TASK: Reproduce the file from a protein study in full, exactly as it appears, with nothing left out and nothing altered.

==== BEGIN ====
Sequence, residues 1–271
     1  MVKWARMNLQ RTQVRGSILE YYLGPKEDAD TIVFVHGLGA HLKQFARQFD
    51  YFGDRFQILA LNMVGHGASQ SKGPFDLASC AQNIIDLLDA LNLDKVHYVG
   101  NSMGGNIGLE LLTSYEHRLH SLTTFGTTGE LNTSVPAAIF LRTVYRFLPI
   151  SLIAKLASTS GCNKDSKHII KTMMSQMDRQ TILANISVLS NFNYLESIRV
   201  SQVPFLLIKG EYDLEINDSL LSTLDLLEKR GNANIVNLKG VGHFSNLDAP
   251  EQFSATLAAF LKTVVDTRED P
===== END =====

Sequence, residues 1–271
     1  MVKWARMNLQ RTQVRGSILE YYLGPKEDAD TIVFVHGLGA HLKQFARQFD
    51  YFGDRFQILA LNMVGHGASQ SKGPFDLASC AQNIIDLLDA LNLDKVHYVG
   101  NSMGGNIGLE LLTSYEHRLH SLTTFGTTGE LNTSVPAAIF LRTVYRFLPI
   151  SLIAKLASTS GCNKDSKHII KTMMSQMDRQ TILANISVLS NFNYLESIRV
   201  SQVPFLLIKG EYDLEINDSL LSTLDLLEKR GNANIVNLKG VGHFSNLDAP
   251  EQFSATLAAF LKTVVDTRED P